Long-term consequences of early postnatal seizures on hippocampal learning and plasticity

Authors

  • Michael Lynch,

    1. 1 Department of Neurology, University of Wisconsin, 600 Highland Ave., H6/574 Clinical Sciences Center, Madison, WI 53792, USA 2Department of Anatomy and 3The Neuroscience Training Program, University of Wisconsin, Madison, Wisconsin 53792, USA
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  • 1,3 Ümit Sayin,

    1. 1 Department of Neurology, University of Wisconsin, 600 Highland Ave., H6/574 Clinical Sciences Center, Madison, WI 53792, USA 2Department of Anatomy and 3The Neuroscience Training Program, University of Wisconsin, Madison, Wisconsin 53792, USA
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  • 1 Jonathan Bownds,

    1. 1 Department of Neurology, University of Wisconsin, 600 Highland Ave., H6/574 Clinical Sciences Center, Madison, WI 53792, USA 2Department of Anatomy and 3The Neuroscience Training Program, University of Wisconsin, Madison, Wisconsin 53792, USA
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  • 1 Sridevi Janumpalli,

    1. 1 Department of Neurology, University of Wisconsin, 600 Highland Ave., H6/574 Clinical Sciences Center, Madison, WI 53792, USA 2Department of Anatomy and 3The Neuroscience Training Program, University of Wisconsin, Madison, Wisconsin 53792, USA
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  • and 1 Thomas Sutula 1,2,3

    1. 1 Department of Neurology, University of Wisconsin, 600 Highland Ave., H6/574 Clinical Sciences Center, Madison, WI 53792, USA 2Department of Anatomy and 3The Neuroscience Training Program, University of Wisconsin, Madison, Wisconsin 53792, USA
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: Dr Thomas Sutula, as 1above.
E-mail: sutula@neurology.wisc.edu

Abstract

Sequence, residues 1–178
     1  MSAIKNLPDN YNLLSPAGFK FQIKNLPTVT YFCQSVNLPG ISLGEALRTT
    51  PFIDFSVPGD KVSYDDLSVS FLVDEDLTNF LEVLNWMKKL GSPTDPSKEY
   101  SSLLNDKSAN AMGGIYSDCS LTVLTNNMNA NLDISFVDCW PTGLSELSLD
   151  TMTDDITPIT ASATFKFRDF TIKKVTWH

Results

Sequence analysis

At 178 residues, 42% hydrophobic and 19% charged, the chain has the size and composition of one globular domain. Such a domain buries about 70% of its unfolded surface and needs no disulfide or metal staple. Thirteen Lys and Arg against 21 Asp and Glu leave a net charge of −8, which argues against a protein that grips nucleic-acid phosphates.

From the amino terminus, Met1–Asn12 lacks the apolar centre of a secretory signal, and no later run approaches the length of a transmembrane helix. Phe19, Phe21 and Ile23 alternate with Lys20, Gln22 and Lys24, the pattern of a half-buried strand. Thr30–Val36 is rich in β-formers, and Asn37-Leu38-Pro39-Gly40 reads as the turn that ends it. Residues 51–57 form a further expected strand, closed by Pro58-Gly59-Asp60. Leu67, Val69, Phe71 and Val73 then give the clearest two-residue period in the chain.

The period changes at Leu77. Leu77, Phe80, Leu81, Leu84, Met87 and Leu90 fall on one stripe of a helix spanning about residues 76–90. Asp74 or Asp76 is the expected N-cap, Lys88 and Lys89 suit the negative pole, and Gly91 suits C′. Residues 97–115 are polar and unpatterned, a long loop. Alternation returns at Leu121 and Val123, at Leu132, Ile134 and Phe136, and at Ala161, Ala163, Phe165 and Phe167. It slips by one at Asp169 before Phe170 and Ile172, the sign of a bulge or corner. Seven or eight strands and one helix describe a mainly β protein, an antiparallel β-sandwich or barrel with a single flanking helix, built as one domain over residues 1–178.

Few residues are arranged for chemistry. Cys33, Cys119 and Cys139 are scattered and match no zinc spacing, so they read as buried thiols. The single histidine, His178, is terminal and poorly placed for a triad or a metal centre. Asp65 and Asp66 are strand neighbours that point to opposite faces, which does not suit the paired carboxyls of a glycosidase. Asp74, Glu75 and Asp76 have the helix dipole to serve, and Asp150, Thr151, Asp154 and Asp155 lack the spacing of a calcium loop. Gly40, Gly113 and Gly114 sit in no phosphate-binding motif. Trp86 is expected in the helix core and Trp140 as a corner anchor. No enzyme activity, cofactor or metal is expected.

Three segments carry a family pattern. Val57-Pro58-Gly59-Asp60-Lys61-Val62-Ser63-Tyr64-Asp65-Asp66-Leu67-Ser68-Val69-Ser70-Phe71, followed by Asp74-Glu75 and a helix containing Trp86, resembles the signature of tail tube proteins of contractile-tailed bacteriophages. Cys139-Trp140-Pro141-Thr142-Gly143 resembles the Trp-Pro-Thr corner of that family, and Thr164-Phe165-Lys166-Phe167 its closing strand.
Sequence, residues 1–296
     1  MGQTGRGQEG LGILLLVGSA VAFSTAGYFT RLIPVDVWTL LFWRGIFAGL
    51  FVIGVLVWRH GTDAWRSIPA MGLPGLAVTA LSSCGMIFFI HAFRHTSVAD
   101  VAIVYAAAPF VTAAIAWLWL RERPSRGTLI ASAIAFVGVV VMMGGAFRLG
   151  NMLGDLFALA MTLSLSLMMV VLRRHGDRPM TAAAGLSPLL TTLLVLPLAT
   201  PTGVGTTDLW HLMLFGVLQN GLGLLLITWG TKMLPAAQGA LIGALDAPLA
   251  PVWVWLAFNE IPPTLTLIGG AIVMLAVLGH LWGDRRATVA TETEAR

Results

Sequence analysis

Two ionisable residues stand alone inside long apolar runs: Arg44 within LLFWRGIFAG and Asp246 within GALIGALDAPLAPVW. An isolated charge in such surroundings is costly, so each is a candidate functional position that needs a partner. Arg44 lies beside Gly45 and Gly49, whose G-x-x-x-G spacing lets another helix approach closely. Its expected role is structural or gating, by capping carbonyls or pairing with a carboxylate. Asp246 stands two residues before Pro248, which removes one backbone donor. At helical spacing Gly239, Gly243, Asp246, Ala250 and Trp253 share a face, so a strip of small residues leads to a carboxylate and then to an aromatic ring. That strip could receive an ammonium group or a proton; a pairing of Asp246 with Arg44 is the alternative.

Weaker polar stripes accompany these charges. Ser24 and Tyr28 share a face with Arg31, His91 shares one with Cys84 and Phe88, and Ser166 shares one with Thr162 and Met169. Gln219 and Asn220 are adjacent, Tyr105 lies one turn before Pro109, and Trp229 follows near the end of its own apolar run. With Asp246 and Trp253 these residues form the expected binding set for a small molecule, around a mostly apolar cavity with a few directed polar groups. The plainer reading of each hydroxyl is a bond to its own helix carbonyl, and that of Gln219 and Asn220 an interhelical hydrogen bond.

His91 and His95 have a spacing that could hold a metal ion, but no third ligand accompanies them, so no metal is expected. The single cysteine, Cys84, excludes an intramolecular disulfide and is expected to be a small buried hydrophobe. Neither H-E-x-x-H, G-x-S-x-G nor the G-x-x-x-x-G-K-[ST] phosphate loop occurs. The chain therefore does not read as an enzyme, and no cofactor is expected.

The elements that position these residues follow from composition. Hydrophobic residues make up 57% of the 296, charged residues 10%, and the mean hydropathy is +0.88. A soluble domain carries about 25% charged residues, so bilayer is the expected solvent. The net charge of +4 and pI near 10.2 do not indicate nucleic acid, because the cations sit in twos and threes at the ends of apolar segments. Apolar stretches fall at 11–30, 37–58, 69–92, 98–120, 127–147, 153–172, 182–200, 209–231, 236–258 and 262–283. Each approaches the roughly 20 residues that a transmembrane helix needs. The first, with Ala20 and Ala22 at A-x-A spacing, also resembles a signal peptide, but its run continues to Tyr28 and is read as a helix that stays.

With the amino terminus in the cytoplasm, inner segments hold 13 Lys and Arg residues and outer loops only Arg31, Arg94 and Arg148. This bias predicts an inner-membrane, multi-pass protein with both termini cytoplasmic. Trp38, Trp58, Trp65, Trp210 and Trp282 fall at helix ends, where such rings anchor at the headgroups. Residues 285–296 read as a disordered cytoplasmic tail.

Neural activity influences the patterning of synaptic connections and functional organization of developing sensory and motor systems, but the long-term consequences of intense neural activity such as seizures in the developing hippocampus are not adequately understood. To evaluate the possibility that abnormal neural activity during early development may have long-term functional effects in hippocampal circuitry that plays a role in learning, memory and epilepsy, functional properties of hippocampal circuitry were assessed in adult rats that had experienced seizures induced by kainic acid on specific days during early postnatal development. Although previous studies have suggested that the immature hippocampus is relatively resistant to seizure-induced alterations compared with adults, independent behavioural and physiological experiments demonstrated that seizures evoked by kainic acid during early postnatal development induced a long-term loss of hippocampal plasticity manifesting as reduced capacity for long-term potentiation, reduced susceptibility to kindling, and impaired spatial learning, which was associated with enhanced paired-pulse inhibition in the dentate gyrus. The enhancement of inhibition and loss of plasticity were maximal when the seizures occurred on the first day of life, but were also observed when seizures were induced as late as postnatal day 14, which delimited a period of postnatal susceptibility in the developing rat hippocampus when disruption of normal neural activity by seizures produced consistent effects on a hippocampal-dependent behaviour and several forms of hippocampal plasticity implicated in learning, memory and the development of epilepsy in adulthood.

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